Meat Alternatives Can Balance Diet During Shortages, Says Sam Cover Spokane Valley
Protein is important and is a key building block of muscles, bones, cartilage, blood, and skin. Adult women typically need 46 grams of protein per day, and more than that if pregnant or breastfeeding. Men require about 56 grams. Children need between 19 and 34 grams; teenage girls about 46 and teen boys 52 grams. Yet, the COVID-19 pandemic has led to shortages of beef, poultry, and pork, making these protein-rich meal staples harder to find and afford. Many protein-rich alternatives do exist, however. Sam Cover Spokane Valley lists major ones as:
- cheese, with cottage cheese providing more protein per calorie and the least amount of fat
- seafood and fish
- beans, such as pinto beans and chickpeas (or garbanzo beans)
Although typically considered a grain, quinoa is really a seed. It is a highly nutritious food, according to Sam Cover Spokane Valley, providing 8.14 grams of protein per cooked cup, as well as a variety of minerals. Quinoa can be used as a rice substitute and can be the main ingredient in Mexican foods such as enchiladas and tacos or in salads or soups.
Tofu is soy-based bean curd that has about 10 grams of protein per half a cup. Tofu comes in various densities, with each density having its own use, according to Sam Cover Spokane Valley. For example, soft or silken based tofu works best in soups, while medium and firm work better stir-fried, baked and glazed, or battered and crisped, says Sam Cover Spokane Washington. Tofu is packed in water and that extra water must be pressed out before adding other flavors. Tofu can work well in Asian-based dishes, such as Pad Thai and spring rolls, in veggie bowls, in salads, and, even, in tacos, says Sam Cover Spokane Valley.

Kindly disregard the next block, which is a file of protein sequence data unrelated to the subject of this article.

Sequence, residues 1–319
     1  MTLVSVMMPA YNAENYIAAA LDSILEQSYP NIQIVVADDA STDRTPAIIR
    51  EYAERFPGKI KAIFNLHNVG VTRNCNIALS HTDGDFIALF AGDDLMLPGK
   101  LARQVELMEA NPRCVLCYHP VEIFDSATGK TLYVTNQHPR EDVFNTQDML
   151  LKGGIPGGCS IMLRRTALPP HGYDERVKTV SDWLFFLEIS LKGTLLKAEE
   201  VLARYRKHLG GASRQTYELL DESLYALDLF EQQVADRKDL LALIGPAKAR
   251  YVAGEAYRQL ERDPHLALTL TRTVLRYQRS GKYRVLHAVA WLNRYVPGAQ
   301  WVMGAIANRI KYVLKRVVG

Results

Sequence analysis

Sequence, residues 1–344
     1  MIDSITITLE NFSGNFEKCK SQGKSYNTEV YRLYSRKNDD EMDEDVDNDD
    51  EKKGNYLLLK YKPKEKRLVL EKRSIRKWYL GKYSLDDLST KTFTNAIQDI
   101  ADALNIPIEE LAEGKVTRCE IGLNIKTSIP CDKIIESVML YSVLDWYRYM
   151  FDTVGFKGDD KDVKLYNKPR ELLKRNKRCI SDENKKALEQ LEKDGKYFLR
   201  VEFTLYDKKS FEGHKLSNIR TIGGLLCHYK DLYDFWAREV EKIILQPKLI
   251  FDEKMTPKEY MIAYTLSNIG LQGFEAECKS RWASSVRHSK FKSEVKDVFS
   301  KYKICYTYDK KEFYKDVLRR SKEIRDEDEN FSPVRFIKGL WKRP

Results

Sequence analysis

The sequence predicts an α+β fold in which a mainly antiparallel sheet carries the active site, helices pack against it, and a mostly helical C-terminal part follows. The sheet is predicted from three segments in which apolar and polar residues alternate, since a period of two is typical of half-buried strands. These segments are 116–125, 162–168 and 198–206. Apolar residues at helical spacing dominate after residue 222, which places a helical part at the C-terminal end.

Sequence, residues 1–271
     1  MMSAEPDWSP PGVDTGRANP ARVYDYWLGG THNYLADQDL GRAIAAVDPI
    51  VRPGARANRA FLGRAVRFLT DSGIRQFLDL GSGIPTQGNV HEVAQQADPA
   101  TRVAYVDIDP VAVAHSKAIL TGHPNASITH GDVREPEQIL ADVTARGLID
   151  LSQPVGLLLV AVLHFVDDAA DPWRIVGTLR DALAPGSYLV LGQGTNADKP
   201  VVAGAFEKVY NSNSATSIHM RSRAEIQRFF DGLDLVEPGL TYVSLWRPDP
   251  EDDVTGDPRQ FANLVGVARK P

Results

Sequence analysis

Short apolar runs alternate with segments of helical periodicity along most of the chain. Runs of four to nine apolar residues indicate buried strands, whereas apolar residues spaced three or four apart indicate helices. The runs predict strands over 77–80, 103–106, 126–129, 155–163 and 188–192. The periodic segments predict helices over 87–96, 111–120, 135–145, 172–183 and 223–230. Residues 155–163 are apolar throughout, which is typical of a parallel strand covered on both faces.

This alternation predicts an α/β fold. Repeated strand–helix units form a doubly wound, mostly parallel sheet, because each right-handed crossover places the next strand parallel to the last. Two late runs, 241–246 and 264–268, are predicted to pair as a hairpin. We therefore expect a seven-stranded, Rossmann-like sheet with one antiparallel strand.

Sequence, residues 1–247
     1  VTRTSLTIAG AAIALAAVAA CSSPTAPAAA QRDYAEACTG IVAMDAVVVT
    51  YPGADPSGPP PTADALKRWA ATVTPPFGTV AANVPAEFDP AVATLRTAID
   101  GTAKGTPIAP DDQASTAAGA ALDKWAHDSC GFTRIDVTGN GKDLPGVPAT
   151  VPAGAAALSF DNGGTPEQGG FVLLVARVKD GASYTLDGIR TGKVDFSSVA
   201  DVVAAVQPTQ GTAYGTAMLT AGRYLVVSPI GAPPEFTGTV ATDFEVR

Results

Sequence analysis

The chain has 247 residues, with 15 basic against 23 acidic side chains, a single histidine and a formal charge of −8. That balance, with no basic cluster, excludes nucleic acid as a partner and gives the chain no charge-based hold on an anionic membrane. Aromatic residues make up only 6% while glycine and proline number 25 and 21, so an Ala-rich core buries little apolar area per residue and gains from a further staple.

Shrimp, scallops, clams, and fish provide lots of protein. Shrimp, for example, has about 24 grams of protein in 100 grams of shrimp; pollock is almost pure protein. Sam Cover Spokane Valley specializes in fresh fish and seafood dishes. Seafood can be served as a main dish itself or as a key ingredient in pasta or risotto dishes, in salads or stews, in tacos or stir-fried dishes, or in casseroles.
Chickpeas, also known as garbanzo beans, contain 2.4 grams of protein per tablespoon. Chickpeas can be used in salads, stews, tossed in pasta or sauteed green, or put into a pita sandwich with veggies and cheese, says Sam Cover Spokane Valley.
Sam Cover Spokane Valley, a renowned chef, was born and raised in Spokane and owns a restaurant there. Sam Cover Spokane Valley Washington is an advocate of the farm-to-table movement and an avid runner.
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